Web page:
Archives can be rich sources of information, inspiration and practical advice for artists, film‐makers and others. Within unassuming boxes, cabinets and other storage areas can be found a treasure trove of documents, artefacts, artworks and audiovisual material.
Photographs, film, drawings, prints, letters, manuscripts, publications as well as other more ephemeral material such as pamphlets and posters. Just one single item may help spark that idea or make that connection or reveal useful clues (such as the various references included in this striking poster by Alison Alder relating to the local 1980s Jobs for Women campaign). Sometimes even the way material has been physically organised or preserved can speak volumes about it’s creator, which is why archivists harp on so much about original arrangement (and things like provenance and referencing – hence the edition note in my presentation title today!)
Today I’d like to show two examples of the richness of archives available for feminist research, drawing on material held in collections at the University of Wollongong.
And for those unsure – as I was myself when I first heard the term not so very long ago ‐‘guerilla publishing’ (also sometimes spelt ‘guerrilla’) in this sense can refer to using less mainstream methods to achieve greater exposure for relatively small outlay or be able to make published outputs available in a much quicker timeframe than say the traditional scholarly publishing route often takes. Similarly ‘guerilla archiving’ could describe a range of strategies archives might use beyond their traditional collection listing methods to help increase discoverability of specific archival collections, such as creating portals and blogs.
Example 1: The UOW Archives, based within the University Library, holds 7 boxes of records of an organisation called NOW. New Opportunities for Women was a Wollongong‐based support group for women dealing with employment, childcare and discrimination.
NOW was set up in 1965 by Carmelita Steinke, a prominent media professional and campaigner for women’s rights who became well known in the Illawarra over the following decades. Her husband John Steinke was equally well known, being the first head of Economics at our University and instrumental in local regional development research, including a major report on female unemployment in the early 1970s.
Amongst her many roles and interests she worked as a media officer for the regional Department of Social Services (aka Social Security), was later a director and broadcaster for local community radio station VOX FM and had also been active in the anti‐Vietnam War movement. Mrs Steinke died in 2007.
Open one of these 7 boxes and you find prospective employee information cards, deidentified of personal names and specific addresses, but clearly outlining the qualifications, skills, talents as well as a note on general physical appearance of individual local women – many of them migrant women – seeking employment at that time. These evoke a unique snapshot of the employment scene at that time.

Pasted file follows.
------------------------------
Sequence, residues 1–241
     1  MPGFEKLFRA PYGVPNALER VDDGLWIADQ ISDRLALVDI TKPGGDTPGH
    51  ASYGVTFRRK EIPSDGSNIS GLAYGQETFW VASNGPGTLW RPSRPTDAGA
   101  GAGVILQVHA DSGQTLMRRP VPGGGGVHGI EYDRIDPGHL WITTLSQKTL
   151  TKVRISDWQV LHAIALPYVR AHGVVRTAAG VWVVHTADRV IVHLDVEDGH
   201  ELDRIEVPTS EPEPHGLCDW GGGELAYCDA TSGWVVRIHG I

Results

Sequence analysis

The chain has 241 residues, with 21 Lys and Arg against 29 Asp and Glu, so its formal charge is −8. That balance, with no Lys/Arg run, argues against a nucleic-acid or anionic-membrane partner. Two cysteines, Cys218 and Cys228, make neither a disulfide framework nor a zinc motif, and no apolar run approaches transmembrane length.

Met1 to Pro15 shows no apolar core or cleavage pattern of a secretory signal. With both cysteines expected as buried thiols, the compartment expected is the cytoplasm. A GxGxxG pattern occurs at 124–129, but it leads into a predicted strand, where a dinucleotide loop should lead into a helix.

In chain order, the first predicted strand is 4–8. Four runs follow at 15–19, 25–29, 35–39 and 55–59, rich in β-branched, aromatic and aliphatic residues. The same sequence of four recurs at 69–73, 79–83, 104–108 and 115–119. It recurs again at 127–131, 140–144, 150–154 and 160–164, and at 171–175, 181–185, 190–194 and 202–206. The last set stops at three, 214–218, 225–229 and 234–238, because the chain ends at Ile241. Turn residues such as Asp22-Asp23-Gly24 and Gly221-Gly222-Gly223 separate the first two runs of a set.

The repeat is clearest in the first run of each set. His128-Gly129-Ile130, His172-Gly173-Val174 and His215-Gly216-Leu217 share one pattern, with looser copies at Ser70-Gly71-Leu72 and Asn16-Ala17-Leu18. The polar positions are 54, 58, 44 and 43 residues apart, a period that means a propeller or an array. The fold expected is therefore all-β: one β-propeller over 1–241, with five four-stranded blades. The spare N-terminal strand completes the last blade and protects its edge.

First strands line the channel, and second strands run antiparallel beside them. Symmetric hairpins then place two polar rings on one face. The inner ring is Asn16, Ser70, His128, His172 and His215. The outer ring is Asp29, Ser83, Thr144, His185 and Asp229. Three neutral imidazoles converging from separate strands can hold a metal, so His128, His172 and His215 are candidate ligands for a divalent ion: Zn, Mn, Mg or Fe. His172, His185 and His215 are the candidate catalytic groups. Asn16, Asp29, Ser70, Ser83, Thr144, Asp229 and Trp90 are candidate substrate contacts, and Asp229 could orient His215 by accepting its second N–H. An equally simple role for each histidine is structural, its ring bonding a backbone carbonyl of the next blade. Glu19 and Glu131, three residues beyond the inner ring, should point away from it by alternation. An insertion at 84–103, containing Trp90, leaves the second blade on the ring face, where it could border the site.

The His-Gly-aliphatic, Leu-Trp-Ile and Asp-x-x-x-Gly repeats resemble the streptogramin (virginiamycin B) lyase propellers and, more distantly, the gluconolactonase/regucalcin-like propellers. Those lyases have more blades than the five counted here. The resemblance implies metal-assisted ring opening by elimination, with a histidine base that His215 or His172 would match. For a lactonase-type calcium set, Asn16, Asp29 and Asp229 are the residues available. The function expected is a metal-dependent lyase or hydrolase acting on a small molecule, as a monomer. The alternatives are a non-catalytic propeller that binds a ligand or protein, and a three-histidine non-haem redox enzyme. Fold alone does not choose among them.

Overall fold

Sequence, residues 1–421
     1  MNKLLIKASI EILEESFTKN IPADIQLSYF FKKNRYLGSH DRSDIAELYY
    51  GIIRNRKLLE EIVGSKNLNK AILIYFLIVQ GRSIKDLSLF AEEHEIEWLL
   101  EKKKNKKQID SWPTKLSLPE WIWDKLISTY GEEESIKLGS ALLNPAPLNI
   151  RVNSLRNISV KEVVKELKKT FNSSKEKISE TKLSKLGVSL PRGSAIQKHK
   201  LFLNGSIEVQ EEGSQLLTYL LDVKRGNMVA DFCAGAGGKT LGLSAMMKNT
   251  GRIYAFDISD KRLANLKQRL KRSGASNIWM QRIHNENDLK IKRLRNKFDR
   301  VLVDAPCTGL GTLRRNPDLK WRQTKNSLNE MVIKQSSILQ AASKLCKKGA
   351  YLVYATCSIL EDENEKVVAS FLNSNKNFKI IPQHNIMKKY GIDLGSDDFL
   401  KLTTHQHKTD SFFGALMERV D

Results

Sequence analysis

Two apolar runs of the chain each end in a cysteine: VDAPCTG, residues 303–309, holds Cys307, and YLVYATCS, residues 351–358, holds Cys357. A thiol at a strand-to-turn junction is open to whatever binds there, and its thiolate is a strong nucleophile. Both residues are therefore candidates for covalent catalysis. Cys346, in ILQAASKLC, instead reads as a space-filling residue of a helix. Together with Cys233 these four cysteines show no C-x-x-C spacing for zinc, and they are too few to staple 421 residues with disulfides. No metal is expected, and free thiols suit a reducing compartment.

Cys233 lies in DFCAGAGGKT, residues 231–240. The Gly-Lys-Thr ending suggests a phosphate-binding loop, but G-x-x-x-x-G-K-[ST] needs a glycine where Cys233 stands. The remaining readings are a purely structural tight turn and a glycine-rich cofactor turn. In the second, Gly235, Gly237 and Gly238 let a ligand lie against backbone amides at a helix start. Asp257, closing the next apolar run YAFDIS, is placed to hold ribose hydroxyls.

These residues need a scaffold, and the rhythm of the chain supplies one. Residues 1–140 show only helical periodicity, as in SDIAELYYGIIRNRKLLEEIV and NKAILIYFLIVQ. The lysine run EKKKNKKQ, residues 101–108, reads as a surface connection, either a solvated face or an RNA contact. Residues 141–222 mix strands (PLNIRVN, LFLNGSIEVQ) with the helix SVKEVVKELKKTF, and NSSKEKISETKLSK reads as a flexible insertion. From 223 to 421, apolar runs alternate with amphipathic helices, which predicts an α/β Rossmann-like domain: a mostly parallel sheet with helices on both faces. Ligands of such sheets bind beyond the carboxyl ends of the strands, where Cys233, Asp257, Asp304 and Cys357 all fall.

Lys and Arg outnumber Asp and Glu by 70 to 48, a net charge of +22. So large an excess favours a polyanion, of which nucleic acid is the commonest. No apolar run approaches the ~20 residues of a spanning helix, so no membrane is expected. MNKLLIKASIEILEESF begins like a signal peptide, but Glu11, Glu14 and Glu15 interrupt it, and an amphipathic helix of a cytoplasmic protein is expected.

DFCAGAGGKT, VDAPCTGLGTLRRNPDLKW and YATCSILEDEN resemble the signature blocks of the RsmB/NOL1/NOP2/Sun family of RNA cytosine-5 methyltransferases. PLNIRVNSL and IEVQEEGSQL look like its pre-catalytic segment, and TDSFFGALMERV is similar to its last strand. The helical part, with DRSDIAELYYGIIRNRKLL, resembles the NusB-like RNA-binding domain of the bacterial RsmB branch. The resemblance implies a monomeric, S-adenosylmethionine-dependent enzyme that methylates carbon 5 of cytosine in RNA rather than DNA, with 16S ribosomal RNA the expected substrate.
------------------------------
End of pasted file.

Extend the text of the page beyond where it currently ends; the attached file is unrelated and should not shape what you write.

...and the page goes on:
The Archives also holds a range of local television news and other film footage, and in amongst this we discovered a brief vox‐pop from the beginning of 1973 with Carmelita Steinke herself so we could hear Carmelita in her own words.
In the interview she talks about her hopes for an end to prejudice for women in employment and the importance of equal pay for women. She also calls for an end to prejudice against Wollongong! She comments that at that time in the early 1970s the
Wollongong region was still denied all the benefits of having a cultural centre, performing arts theatre or regional art gallery.
Example 2: A more recent collection we hold in our Archives is material from Mary Callaghan – artist, print maker, filmmaker and writer. Mary worked in Melbourne and Sydney during the 1970s.
Many different collecting institutions around the country hold copies of Mary’s works, among them our University of Wollongong Art Collection (this is separate to the University Archives) and of course also the Wollongong Art Gallery.
A big challenge for researchers can be discovering what range of archival material exists hidden away, who may hold what where and how to go about organising access.
Archivists play a key role in using the knowledge and resources they build up over time to help connect people with not just their collections but also those held elsewhere. For example my colleague Michael Organ has compiled a useful online blog with listings and more general information on ‘Mary Callaghan Posters’:
In 1979 Mary returned to Wollongong to work on her semi‐documentary film ‘Greetings from Wollongong’, being a day in the life of two local young women. Prior to this she had done a number of experimental films and performance pieces and later went on to direct the Australian feature film Tender Hooks, released in 1989.
Another useful blog Michael has created for researchers is one on the history of Wendy’s film work and the company she created called Steel City Pictures: http://steelcitypictures.blogspot.com.au/
As you can see from these examples even our relatively small University of Wollongong Archives holds a rich range of local, regional and nationally significant material. I hope this has given you a useful idea of what potential other archives may also hold for you as artists and researchers.
Download a pdf of Susan Jone’s presentation here.
These notes have been provided by Susan Jones, Archivist, University of Wollongong, Wollongong. Her presentation, ‘Guerrilla Archives’, was presented at the Future Feminist Archive DAAO Workshop at Wollongong Art Gallery on 10 May 2015. This workshop accompanied the Future Feminist Archive residency undertaken by artists Alison Alder and Mini Graff at Wollongong Art Gallery which was supported by Arts NSW.